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Witness details Kristin Smart, Paul Flores’s interactions on last night she was seen, trial continues

SALINAS, Calif. – The Kristin Smart murder trial continued in a Salinas courtroom on Monday as the jury heard from a witness who described Smart's interactions with defendant Paul Flores on the last night she was seen before she went missing.

Flores is accused of killing Smart, who was a 19-year-old Cal Poly student at the time of her disappearance in May 1996, because he was reportedly the last one to see her alive after an off-campus party that spring. Paul's father, Ruben Flores, is charged as an accessory to the crime.

Timothy Davis, who attended the party at 135 Crandall Way before Smart went missing, testified before the jury on Monday.

Davis, Smart, and Flores all attended the same party.

Davis talked about interactions he saw with Smart and Flores after an extensive period of going through photos of the house and describing the layout of the interior and exterior.

Davis said the two appeared to be at the party, which he described as a birthday party for two of his friends, by themselves.

He said that he saw Smart and Flores by the bar several times together, and at one point, he heard a loud thud and looked down to see that both Smart and Flores were on the ground, indicating that they had fallen together.

Davis said that many of the partygoers left to go to the bars in downtown San Luis Obispo around midnight and that he was responsible for getting people out of the house and on their way home as the party was breaking up.

He let a friend borrow his car to drive multiple people back to the Cal Poly dorms, he said, adding that he saw a good friend, Cheryl Anderson, outside the house soon after the car left.

Davis said Anderson lived at the dorms and he told her that she had just missed getting a ride back.

As that interaction was happening, he noticed Smart laying face down on a small lawn that separated the Crandall Way house from a neighboring house.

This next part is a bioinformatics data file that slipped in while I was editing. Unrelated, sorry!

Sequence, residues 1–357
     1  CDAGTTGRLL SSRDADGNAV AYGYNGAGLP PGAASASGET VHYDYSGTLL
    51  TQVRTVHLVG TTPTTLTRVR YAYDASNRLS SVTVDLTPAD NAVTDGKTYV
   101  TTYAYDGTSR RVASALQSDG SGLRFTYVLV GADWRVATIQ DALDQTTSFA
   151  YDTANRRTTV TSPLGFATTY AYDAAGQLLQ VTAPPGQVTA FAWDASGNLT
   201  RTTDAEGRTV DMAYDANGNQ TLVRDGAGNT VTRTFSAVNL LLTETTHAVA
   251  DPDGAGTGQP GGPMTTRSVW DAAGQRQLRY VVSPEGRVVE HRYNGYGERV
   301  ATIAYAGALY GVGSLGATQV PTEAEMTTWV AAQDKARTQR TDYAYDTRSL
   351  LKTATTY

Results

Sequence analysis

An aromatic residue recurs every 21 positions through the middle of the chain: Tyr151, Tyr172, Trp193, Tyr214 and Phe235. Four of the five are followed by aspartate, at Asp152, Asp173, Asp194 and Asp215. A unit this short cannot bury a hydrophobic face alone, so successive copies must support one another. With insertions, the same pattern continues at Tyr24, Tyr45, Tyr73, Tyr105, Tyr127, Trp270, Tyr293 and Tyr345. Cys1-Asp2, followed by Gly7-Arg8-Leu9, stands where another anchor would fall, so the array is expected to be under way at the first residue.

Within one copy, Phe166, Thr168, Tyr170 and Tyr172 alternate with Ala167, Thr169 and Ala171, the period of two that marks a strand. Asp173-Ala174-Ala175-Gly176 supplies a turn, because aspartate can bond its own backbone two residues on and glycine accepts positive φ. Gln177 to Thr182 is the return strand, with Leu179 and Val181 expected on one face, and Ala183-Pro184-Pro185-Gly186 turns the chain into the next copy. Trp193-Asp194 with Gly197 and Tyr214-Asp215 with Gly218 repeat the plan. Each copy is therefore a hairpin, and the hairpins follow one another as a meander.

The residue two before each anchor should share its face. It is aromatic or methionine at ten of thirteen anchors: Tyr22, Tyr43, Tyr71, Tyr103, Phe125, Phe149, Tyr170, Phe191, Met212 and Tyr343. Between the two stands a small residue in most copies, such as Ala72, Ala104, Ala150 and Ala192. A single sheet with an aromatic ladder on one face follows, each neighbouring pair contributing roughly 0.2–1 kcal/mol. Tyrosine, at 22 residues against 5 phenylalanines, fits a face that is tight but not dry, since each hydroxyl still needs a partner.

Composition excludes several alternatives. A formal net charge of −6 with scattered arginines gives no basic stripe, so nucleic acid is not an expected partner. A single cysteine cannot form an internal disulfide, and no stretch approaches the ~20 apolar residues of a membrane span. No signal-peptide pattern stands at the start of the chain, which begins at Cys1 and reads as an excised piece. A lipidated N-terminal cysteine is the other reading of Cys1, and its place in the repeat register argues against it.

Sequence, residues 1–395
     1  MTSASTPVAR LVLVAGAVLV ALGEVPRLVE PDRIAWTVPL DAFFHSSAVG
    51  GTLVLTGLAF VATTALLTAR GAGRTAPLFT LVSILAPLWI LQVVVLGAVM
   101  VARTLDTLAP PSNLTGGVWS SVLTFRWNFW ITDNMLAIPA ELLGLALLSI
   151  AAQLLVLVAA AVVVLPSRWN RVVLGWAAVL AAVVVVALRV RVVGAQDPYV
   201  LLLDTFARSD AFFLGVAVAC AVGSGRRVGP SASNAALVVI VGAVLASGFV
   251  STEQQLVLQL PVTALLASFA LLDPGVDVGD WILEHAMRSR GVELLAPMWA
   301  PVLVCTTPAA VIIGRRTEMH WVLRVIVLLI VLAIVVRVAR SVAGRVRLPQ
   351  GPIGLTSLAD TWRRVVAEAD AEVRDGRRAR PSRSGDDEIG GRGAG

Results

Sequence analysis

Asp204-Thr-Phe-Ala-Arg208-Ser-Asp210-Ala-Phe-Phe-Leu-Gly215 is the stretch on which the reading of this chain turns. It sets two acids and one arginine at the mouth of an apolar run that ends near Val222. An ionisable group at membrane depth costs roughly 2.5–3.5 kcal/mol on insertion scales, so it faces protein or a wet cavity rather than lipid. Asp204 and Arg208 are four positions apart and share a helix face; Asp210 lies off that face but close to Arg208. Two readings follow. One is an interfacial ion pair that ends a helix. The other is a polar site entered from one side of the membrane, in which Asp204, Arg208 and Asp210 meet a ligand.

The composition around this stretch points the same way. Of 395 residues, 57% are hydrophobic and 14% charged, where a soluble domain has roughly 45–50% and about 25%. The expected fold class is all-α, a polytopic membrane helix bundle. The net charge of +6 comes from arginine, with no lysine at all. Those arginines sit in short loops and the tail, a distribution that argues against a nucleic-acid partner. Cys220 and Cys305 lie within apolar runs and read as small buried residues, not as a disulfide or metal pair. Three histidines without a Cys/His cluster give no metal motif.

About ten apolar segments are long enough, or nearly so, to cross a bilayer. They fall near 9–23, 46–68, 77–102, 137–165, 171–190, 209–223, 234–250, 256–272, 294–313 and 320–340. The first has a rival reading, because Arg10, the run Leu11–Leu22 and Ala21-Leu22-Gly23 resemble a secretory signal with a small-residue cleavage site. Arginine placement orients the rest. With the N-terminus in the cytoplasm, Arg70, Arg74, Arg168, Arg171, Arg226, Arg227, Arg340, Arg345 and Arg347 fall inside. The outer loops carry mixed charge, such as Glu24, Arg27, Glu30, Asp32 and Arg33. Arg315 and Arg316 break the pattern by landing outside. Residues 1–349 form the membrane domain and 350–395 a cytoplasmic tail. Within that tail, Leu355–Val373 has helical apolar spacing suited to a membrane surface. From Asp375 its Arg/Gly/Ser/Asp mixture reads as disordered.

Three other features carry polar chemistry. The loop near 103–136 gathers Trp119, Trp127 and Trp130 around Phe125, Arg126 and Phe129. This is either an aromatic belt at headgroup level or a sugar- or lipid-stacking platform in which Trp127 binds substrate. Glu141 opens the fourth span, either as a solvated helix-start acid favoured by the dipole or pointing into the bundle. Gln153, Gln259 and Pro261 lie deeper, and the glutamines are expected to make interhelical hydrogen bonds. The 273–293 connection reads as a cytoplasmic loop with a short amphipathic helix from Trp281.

"I looked to the side and I could see Kristin Smart laying on the ground. It looked like she was trying to sleep," Davis said. "I went over to her and told her, 'you need to get up and leave.'"

Davis described Smart's outfit as "short shorts, a short shirt, and tennis shoes," and said that it appeared she had "goose pimples" on her side.

He quickly realized that "she was in no capacity to do anything," he said.

Davis said that Smart was responsive and knew that she had to leave, but that she did not have the capacity to walk on her own.

He recalled that Smart spoke to him, saying only "I'm cold and I want to go home."

He picked her up off the lawn and she clung to him with her arms around his shoulders, Davis said. He decided a short time after that he would walk Anderson and Smart back to the dorms.

Within moments of beginning the walk, that's when Flores joined them, Davis said.

He just kind of came out of the darkness," indicating Flores emerged from the side of the Crandall Way house, Davis said.

After about 5-10 minutes, the group of four – Anderson, Smart, Flores, and Davis – stopped near the back of the Cal Poly Health Center. Flores then said he would take Smart from here and indicated that he would help assist her back to the dorms, Davis said.